‘This book by Alexander Ruban is a fascinating story in a beautiful language on a topic that must be fully understood as we begin to manipulate the antenna size to increase productivity of plants, algae and cyanobacteria. … Ruban’s book is indeed a great book to read and re-read. I recommend that it be put on “Reading lists” for students in biology, biochemistry, biophysics as well as in biotechnology. It is indeed a refreshing book to read, and it has great quotes. What I enjoyed most was that it includes lots of basic dictums…. I strongly recommend “The Photosynthetic Membrane”, by Alexander Ruban, to all the advanced undergraduate and graduate students and even researchers of Plant Biology, Plant Sciences, Biochemistry, Biophysics, Molecular Biology, Biotechnology and Bioengineering. Further, all libraries around the World must acquire a copy of this book for their students and teaching faculty. It is indeed a beautiful and refreshing book at a time when we are just too busy with only technical aspects of a problem.’

7. What you wish to achieve from all your projects?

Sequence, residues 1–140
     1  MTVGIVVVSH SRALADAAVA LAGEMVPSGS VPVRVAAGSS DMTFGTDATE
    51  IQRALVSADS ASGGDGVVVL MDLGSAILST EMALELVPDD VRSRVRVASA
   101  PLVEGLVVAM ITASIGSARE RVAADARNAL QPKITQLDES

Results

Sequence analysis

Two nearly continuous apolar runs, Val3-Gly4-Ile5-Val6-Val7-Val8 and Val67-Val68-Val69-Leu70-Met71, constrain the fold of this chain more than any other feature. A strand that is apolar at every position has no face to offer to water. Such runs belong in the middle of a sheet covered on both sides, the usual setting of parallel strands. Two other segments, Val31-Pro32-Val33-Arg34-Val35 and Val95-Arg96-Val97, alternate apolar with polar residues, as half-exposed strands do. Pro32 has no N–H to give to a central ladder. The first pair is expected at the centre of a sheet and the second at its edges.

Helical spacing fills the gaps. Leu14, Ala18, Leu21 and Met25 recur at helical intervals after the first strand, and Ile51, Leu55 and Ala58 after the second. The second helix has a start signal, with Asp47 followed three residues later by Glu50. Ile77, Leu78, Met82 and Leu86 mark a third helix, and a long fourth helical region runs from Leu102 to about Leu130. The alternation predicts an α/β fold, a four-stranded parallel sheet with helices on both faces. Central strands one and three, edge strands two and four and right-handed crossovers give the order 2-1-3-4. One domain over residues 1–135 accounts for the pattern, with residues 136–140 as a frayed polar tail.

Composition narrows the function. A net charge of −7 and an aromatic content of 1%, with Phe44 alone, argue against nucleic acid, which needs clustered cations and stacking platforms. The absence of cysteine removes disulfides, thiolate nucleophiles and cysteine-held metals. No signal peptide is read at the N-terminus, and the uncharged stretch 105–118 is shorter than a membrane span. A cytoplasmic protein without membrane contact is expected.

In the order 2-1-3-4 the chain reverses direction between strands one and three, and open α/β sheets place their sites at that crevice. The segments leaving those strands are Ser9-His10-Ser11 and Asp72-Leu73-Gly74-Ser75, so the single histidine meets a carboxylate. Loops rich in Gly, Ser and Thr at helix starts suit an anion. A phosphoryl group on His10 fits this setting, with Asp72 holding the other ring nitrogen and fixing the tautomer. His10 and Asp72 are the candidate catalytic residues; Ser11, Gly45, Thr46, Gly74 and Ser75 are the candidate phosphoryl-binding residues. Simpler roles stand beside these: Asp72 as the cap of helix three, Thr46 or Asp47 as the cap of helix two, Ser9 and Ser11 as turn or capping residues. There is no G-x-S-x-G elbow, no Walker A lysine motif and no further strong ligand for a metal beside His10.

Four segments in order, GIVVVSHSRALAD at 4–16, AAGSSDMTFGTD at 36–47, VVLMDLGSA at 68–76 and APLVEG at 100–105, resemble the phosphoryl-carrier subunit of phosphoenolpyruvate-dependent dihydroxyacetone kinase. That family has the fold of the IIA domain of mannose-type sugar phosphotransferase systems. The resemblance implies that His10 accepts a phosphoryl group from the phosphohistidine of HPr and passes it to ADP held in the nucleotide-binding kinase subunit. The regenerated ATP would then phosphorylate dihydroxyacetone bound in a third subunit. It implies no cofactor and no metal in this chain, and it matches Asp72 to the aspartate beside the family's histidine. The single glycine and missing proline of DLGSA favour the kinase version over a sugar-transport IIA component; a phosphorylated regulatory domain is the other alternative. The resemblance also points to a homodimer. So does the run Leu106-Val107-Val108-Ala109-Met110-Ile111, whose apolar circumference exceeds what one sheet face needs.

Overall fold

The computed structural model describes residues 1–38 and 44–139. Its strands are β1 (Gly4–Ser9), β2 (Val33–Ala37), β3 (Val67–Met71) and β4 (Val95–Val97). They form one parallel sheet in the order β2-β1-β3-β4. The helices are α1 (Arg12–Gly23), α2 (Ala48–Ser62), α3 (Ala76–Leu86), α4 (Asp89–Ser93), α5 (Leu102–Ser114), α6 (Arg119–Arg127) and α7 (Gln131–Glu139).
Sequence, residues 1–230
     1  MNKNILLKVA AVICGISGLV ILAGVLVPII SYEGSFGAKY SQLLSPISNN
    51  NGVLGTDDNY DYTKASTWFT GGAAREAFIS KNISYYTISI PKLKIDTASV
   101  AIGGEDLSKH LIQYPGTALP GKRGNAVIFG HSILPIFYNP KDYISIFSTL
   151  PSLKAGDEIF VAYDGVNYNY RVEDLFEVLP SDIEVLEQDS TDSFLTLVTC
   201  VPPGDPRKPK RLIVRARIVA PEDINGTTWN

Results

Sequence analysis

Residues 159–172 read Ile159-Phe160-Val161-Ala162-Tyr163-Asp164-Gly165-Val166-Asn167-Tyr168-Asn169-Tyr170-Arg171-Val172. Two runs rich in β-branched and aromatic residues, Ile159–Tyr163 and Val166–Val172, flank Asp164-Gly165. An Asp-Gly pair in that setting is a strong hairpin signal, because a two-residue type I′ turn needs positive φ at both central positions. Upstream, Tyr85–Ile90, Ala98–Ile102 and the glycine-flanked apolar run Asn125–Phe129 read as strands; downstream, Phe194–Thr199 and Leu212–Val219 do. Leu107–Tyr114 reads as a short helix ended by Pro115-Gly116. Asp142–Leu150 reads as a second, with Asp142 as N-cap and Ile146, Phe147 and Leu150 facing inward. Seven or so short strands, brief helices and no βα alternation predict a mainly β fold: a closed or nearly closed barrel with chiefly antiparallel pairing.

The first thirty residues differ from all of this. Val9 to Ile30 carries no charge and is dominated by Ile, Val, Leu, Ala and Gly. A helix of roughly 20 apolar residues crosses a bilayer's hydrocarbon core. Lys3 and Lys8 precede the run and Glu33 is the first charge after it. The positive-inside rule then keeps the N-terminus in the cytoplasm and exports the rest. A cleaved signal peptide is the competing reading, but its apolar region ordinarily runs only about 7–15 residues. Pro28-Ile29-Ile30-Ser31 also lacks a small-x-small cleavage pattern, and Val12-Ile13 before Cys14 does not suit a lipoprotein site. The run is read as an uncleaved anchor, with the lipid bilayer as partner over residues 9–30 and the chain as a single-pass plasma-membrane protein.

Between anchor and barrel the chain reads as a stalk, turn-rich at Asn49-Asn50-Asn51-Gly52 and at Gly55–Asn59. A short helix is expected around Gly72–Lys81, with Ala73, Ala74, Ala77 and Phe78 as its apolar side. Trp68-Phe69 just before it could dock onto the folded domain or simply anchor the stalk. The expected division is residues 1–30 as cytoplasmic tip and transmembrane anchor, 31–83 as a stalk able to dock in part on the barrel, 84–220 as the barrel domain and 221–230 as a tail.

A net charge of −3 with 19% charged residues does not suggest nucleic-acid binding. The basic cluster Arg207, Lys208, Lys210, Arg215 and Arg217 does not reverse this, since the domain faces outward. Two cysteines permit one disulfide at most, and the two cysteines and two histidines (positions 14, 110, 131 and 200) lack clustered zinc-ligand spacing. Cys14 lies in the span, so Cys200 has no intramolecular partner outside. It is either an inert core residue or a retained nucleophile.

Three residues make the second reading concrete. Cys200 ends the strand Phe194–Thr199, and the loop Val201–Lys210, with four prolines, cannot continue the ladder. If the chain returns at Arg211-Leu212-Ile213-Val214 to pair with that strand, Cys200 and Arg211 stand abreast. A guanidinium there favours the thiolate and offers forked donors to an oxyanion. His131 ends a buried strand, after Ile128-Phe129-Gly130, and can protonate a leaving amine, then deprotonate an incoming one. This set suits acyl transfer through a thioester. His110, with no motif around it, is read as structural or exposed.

First of all I want to achieve a complete fundamental knowledge of how the light capturing processes evolved and work in the photosynthetic organisms and how the life matter evolved to ‘learn’ physics of light in general. I also want to see this knowledge applied in agricultural, ecological and renewable energy studies and applications. But first – the fundamental knowledge without which applications of half-baked results many times have been proved to be say the least useless.

About the Interviewee
Professor Alexander Ruban engaged in mechanistic photosynthesis research. He applies molecular spectroscopy, biophysics, biochemistry and molecular biology to important problems in plant physiology. Specifically, the role of the various components (proteins, lipids, pigments) and macrostructure in the functions and adaptive mechanisms of the photosynthetic membrane related to light harvesting and photoprotection in plants and algae. He is also interested in the universal properties of carotenoids in biological membranes, the molecular dynamics of these molecules in the modulation of membrane protein conformation and their functions (summarised in the recent book: Ruban, A.V. (2012) The Photosynthetic Membrane: Molecular Mechanisms and Biophysics of Light Harvesting. Wiley-Blackwell, Chichester, ISBN: 978-1-1199-6053-9).